We expect that many of the projects in the queue are unbaked or missing an interconnection agreement, meaning they will be deprioritized in the queue. Developers with projects close to start of construction and/or with an interconnection agreement still have some hope for receiving a coveted SREC II certification (Read our thorough analysis for more details on the Massachusetts SREC II crunch). Unlike the transition from SREC I to SREC II in 2014, neither an emergency regulation nor an “SREC III” are currently being considered.

On top of this, Massachusetts still has that whole net metering thing to worry about; 107,296MW remain on the waiting list in National Grid territory. Long-term, sustainable solar policy, anyone?


  • After a valiant effort by the Maryland-D.C.-Virginia Solar Energy Industries Association (MDV-SEIA), a collection of pro-solar legislation was tabled in Richmond after a heavy showing from opposition at the last minute. Legislation – including a bill to authorize third party financing – is expected to be reconsidered in a summer subcommittee.
  • No soup for you! And by soup, we mean PPAs. In early February, the Kansas Department of Revenue (DOR) confirmed that only a utility can sell power to a customer.
  • According to the latest Solar Jobs Census, the solar industry now employs 208,859 workers. 75,598 of those jobs are in California, and Washington, D.C. ranks sixth nationally in solar jobs per capita. P.S. We’re hiring!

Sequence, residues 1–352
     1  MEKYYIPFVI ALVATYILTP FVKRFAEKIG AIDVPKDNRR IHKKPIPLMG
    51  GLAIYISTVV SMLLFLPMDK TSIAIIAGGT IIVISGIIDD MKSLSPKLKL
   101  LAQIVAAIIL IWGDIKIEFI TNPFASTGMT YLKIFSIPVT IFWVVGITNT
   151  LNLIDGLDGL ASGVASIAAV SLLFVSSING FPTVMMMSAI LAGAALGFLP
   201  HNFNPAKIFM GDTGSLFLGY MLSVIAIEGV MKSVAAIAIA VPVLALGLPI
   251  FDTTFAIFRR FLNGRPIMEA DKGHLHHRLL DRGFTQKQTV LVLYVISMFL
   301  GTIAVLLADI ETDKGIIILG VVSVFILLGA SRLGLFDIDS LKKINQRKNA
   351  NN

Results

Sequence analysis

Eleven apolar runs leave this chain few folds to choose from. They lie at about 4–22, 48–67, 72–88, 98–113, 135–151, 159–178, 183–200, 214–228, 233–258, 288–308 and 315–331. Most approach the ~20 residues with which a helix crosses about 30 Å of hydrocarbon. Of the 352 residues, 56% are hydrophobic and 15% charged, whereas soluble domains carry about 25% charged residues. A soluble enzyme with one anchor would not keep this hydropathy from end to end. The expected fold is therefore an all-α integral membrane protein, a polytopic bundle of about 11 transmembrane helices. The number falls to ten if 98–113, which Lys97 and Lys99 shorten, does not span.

• Grow your business with the RE Growth Program. Rhode Island Renewable Energy Growth Program should be coming back in 2016; look for the first enrollment of 2016 to be announced in late spring. Don’t cross this “bonus” market off your list. Though the program is relatively small compared to adjacent markets, pricing is high.
  • One bad apple spoils the whole darn bunch! Despite the bad reputation that YieldCos have garnered over the past several months, several YieldCos are still fundamentally strong. If only Wall Street could tell the difference…
  • After some challenges early on (whatever you do, don’t mention co-location), Minnesota’s community solar gardens are nearly home free. Projects are already on the market and will be built and/or come online soon.


Sol Systems is a solar energy finance and investment firm. The company has facilitated financing for over 400MW of solar projects on behalf of Fortune 100 corporations, insurance companies, utilities, banks, family offices, and individuals. Sol Systems provides secure, sustainable investment opportunities to investor clients, and sophisticated project financing solutions to developers. The company’s tailored financial services range from tax structured investments, project acquisition and SREC portfolio management. Inc. Magazine named Sol Systems on its annual Inc. 500 list of the nation’s fastest-growing private companies for a second consecutive year, ranking it No. 6 in the nation’s top solar companies in 2014. For more information, please visit

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Sara Rafalson

Sara Rafalson